Oleg Chupryna, one of the Centre’s doctoral students, has published a number of recent pieces examining the resurgence of war between Armenia and Azerbijan and the protracted crisis in Belarus following on from the recent Presidential election.
In the first piece, for the LSE Europpblog, Oleg examines the consequence of the disputed presidential elections on 9 August 2020, after which hundreds of thousands of protesters took to the streets of Belarus, demanding an end to Alexander Lukashenko’s authoritarian regime. In the article he provides insight into the protesters' opinions, noting that although the outcome still remains uncertain, it is clear that the country will never be the same again.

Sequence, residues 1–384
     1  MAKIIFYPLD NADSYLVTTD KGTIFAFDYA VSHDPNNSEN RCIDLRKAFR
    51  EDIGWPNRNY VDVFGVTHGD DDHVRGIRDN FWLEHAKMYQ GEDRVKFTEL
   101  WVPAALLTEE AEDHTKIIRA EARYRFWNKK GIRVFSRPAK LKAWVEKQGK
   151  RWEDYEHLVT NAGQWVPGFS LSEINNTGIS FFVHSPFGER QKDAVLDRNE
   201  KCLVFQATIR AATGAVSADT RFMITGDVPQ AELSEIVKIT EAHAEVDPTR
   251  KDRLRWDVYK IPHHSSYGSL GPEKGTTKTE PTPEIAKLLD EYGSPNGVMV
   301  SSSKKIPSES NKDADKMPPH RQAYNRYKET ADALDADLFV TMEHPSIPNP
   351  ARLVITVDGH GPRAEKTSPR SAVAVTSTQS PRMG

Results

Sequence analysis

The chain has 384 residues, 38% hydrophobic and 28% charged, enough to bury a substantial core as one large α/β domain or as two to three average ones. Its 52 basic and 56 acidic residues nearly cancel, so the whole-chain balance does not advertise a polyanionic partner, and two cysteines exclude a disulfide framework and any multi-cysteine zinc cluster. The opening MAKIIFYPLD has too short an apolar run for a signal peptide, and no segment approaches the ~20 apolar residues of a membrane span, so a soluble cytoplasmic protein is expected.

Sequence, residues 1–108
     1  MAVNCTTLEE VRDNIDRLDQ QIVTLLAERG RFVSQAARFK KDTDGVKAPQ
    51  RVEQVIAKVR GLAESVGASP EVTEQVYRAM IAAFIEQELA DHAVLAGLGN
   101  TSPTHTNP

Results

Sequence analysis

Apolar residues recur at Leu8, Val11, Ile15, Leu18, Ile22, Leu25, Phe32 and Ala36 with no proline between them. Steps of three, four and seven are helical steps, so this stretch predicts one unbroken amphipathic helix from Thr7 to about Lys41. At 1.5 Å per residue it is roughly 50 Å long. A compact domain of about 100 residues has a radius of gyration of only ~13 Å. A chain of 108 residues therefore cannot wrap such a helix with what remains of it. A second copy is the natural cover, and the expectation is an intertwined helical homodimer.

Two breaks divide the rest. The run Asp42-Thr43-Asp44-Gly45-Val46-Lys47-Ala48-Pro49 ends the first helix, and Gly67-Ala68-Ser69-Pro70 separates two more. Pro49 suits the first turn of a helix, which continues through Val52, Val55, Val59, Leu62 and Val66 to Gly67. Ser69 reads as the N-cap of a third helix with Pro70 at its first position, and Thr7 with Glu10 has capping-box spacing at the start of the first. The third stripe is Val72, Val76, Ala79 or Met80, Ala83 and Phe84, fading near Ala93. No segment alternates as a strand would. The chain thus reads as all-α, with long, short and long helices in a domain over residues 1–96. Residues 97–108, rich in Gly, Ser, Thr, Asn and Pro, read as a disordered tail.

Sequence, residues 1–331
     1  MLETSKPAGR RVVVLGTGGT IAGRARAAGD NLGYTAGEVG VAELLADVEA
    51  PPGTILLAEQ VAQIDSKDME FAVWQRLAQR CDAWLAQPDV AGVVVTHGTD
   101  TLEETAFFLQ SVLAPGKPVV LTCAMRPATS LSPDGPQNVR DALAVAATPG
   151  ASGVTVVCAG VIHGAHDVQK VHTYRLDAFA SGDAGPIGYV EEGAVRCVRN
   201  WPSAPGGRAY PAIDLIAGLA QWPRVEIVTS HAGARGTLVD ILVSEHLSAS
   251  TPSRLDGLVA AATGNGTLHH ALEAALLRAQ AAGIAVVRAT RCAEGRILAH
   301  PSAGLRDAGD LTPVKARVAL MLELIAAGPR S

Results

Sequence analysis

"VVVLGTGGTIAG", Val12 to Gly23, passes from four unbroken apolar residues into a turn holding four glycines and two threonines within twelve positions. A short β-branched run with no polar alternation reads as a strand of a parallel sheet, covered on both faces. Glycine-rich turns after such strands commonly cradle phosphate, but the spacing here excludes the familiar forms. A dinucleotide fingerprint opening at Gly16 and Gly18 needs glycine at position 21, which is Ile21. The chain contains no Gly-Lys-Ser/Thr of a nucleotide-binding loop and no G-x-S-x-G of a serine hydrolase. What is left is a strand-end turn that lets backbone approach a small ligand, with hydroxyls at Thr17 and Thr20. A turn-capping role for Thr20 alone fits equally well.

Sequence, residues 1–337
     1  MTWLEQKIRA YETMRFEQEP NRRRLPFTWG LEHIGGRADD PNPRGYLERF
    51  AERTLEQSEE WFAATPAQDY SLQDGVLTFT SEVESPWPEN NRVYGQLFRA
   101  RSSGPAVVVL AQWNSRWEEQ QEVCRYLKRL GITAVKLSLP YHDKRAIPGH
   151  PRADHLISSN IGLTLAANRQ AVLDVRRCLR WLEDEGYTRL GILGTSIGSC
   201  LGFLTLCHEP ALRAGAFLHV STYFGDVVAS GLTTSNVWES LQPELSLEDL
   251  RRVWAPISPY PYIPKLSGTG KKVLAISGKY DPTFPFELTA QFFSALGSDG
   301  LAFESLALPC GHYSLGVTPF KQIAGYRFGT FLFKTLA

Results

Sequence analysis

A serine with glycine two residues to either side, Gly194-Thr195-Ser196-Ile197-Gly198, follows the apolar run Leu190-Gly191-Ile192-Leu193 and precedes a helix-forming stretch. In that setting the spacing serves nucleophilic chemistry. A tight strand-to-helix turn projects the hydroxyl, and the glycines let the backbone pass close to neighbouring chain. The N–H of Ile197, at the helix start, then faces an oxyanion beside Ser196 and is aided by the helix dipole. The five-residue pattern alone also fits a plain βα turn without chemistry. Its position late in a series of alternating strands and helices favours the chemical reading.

In another piece for the Eurasian Review he analyses the most recent fighting between Azerbaijani and Armenian armed forces which broke out on the morning of 27 September 2020 and has brought the war for Nagorno-Karabakh back to the centre of international affairs. Oleg gives an overview of this decades-old animosity and explains the situation around the new phase of the conflict.
In the third article he returns to the ongoing political crisis in Belarus and the situation of the country's close historic and economic ties with Russia and the Kremlin's geopolitical ambitions. He suggests how plausible are the scenarios leading to the incorporation of Belarus into an expanding the new Russian empire.